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Olsalazine
Clinical data
Trade namesDipentum
AHFS/Drugs.comMonograph
MedlinePlusa601088
License data
Pregnancy
category
Routes of
administration
By mouth
ATC code
Legal status
Legal status
  • AU: S4 (Prescription only)
  • UK: POM (Prescription only)
  • US: ℞-only
Pharmacokinetic data
Protein binding99%
Elimination half-life0.9 hours
Identifiers
CAS Number
PubChem CID
DrugBank
ChemSpider
UNII
KEGG
ChEMBL
CompTox Dashboard (EPA)
ECHA InfoCard100.116.494 Edit this at Wikidata
Chemical and physical data
FormulaC14H10N2O6
Molar mass302.242 g·mol−1
3D model (JSmol)
  • O=C(O)c1cc(ccc1O)/N=N/c2cc(C(O)=O)c(O)cc2
  • InChI=1S/C14H10N2O6/c17-11-3-1-7(5-9(11)13(19)20)15-16-8-2-4-12(18)10(6-8)14(21)22/h1-6,17-18H,(H,19,20)(H,21,22)/b16-15+ checkY
  • Key:QQBDLJCYGRGAKP-FOCLMDBBSA-N checkY
 ☒NcheckY (what is this?)  (verify)

Olsalazine is an anti-inflammatory medication used in the treatment of ulcerative colitis.[2][3] It is sold under the brand name Dipentum.[4]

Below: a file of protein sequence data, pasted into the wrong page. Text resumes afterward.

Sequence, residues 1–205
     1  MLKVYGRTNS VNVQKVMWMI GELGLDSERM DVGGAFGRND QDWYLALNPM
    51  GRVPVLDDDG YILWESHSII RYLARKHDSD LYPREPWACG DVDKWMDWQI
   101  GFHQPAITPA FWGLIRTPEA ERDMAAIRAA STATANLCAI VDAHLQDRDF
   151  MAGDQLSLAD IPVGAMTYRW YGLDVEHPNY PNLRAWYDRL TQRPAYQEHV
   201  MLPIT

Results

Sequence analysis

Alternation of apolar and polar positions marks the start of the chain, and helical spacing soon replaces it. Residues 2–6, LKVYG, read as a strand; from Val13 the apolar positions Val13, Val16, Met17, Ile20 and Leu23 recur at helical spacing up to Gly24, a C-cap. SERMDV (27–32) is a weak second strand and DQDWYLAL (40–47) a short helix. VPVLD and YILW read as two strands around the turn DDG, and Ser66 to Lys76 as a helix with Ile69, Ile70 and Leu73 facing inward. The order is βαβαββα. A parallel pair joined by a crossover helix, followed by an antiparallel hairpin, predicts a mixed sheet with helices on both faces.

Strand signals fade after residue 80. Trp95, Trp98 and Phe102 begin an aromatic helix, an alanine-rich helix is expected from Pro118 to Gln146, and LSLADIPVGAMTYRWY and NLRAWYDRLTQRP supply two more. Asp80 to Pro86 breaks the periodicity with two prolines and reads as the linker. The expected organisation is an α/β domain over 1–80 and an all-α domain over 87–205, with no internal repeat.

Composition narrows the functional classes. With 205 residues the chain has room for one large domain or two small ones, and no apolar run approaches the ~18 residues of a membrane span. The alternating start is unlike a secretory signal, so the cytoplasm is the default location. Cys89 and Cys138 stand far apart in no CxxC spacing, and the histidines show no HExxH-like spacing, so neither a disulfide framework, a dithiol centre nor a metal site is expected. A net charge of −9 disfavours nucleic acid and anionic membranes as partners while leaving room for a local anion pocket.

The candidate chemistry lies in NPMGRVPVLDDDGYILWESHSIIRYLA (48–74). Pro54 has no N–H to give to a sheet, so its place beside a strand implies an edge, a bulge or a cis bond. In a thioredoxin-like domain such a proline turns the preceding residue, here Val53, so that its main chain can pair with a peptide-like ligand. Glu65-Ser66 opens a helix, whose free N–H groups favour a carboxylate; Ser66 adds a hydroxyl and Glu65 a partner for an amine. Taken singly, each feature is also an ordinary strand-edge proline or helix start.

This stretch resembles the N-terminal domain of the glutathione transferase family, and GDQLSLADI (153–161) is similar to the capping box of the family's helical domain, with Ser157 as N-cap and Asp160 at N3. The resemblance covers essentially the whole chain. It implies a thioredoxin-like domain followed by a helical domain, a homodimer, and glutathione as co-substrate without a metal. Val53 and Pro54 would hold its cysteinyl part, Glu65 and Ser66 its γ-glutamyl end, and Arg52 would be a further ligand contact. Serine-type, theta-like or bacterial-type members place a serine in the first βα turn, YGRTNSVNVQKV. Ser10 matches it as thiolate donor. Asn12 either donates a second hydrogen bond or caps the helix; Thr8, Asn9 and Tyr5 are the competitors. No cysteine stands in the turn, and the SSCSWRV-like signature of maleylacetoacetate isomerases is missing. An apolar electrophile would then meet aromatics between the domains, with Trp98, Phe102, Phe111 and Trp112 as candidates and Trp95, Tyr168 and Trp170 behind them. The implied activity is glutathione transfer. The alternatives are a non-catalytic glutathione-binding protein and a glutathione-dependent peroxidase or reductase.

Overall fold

Olsalazine itself is a pro-drug of mesalazine (5-aminosalicyclic acid or 5-ASA) and is not absorbed in the small intestine. Instead it continues through to the colon where it is cleaved into two molecules of 5-ASA by azoreductases produced by colonic bacteria. Olsalazine thus exerts its anti-inflammatory effect by its colonic breakdown into 5-ASA which inhibits cyclooxygenase and lipoxygenase thereby reducing prostoglandin and leukotriene production.[4]

History

Olsalazine gained Food and Drug Administration (FDA) approval in 1990.

Supply

The drug is supplied by UCB Pharma.

Research

In 2006 the Australian biotech company Giaconda received a European patent for a combination therapy for treating constipation-predominant irritable bowel syndrome that uses olsalazine and the anti-gout drug colchicine, for trials the following year.[5]

References

  1. ^ a b "Olsalazine (Dipentum) Use During Pregnancy". Drugs.com. 6 September 2019. Retrieved 9 October 2020.
  2. ^ "Olsalazine--a further choice in ulcerative colitis". Drug and Therapeutics Bulletin. 28 (15): 57–8. July 1990. doi:10.1136/dtb.28.15.57. PMID 2131213.
  3. ^ Wadworth AN, Fitton A (April 1991). "Olsalazine. A review of its pharmacodynamic and pharmacokinetic properties, and therapeutic potential in inflammatory bowel disease". Drugs. 41 (4): 647–64. doi:10.2165/00003495-199141040-00009. PMID 1711964.
  4. ^ a b "Olsalazine Sodium 250 mg Capsules - Summary of Product Characteristics (SmPC) - (emc)". www.medicines.org.uk. Retrieved 9 January 2021.
  5. ^ "Giaconda gets European patent for drug". The Sydney Morning Herald. 28 December 2006. Retrieved 16 January 2021.